And this thing i keep on reading about sticking together. Thats wishful thinking. An illusion that im sorry to say but, being a LONG time Forest Service guy i konw all too well that it will never happen. Because we are all scared of the possible retaliation outcome that is not suppose to happen byt ultimately will happen. My last few years with the FS i was just there to collect a pay check and that was it. If i had love for the job it wasnt because i had love for the FS but because i had love for my coworkers.

Honestly and i really really hope people in the WO and Regional Office up in Vallejo, CA see and read this. Southern California R-5 Forest Service employees are just there for a paycheck, and those who say its not true, are lying to yourselfs. Current employees are not there for the love of the job as they were before when they first got hired. That ship has sailed and is long gone. All thanks to the Tidwell’s and Randy Moore’s of the Forest Service.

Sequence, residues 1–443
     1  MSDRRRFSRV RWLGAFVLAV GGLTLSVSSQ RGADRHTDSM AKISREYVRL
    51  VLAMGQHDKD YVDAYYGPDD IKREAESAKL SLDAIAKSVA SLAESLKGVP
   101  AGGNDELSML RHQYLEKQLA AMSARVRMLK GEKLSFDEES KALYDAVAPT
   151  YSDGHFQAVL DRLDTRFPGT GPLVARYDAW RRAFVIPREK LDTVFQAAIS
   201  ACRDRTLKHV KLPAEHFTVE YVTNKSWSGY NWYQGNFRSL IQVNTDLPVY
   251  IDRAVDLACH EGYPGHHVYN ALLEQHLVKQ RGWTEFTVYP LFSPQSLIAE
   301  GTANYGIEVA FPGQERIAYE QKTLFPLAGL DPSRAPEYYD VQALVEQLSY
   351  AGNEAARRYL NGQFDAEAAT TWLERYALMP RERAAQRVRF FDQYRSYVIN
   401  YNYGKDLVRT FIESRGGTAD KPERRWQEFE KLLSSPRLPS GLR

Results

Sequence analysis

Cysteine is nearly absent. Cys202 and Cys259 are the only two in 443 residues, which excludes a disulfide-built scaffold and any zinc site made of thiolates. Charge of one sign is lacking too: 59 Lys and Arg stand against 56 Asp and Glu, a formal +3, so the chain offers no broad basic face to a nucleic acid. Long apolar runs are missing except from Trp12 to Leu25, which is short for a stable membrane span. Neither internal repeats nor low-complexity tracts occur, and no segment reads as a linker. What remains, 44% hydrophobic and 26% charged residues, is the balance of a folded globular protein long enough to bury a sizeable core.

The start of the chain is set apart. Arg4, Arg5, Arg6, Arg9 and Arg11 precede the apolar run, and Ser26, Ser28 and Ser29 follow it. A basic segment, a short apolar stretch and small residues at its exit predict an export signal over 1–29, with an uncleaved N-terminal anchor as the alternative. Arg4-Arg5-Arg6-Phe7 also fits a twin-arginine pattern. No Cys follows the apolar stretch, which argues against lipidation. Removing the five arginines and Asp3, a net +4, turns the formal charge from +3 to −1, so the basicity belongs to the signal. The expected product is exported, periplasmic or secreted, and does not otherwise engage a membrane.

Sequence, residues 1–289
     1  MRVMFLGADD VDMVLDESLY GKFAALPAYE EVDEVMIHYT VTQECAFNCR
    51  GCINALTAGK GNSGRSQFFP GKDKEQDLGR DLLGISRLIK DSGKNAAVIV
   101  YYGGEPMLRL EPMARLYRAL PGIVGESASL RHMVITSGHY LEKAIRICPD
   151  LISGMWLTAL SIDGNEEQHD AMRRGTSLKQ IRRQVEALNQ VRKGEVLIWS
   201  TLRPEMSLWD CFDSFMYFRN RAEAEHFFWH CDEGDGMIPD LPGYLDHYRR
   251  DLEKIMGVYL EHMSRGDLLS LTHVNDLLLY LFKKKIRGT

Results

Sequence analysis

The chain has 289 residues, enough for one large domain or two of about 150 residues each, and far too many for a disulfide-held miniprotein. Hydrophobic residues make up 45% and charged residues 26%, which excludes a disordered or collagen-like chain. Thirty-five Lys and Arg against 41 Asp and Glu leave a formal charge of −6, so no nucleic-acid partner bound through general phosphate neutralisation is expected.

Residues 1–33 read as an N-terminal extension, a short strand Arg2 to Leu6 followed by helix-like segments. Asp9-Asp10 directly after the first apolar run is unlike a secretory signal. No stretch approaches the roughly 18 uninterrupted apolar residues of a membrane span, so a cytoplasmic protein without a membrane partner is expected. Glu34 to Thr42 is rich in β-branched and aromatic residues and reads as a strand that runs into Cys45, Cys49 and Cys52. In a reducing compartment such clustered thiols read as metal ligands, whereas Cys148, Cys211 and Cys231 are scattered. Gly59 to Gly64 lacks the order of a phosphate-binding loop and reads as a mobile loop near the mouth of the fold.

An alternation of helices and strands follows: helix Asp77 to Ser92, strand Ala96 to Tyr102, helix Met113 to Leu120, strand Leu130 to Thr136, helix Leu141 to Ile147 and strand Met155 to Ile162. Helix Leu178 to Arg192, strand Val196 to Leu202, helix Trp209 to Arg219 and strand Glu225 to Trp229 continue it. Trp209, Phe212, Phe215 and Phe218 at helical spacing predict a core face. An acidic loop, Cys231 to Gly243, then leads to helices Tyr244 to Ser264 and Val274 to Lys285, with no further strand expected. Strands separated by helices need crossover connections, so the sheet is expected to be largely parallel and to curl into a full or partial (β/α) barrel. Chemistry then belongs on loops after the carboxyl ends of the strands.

May the Forest Service one day become great again, to where people passionately enjoyed going to work and not have to deal with the political drama that has now become the norm!

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20 Comments
  1. Your name...
    June 6, 2016 Reply

    Im in North Ops Region 5 and honestly I completely agree with you. Although I think our biggest issue up here is the diversity hiring. All were hiring are people from southern California who come up for a season or 2 then leave and head back down south, instead of hiring the good ol boys who were raised on a farm 5 miles from the station who know how to work. Your right though, the 2nd year apprentices who magically get GS-6 positions who don’t even know how to operate an engine is insane.

    1. Lol
      August 13, 2016 Reply

      Perhaps do several things: get outta California, get a degree, and go to BLM. And quit batching

  2. DZ
    June 6, 2016 Reply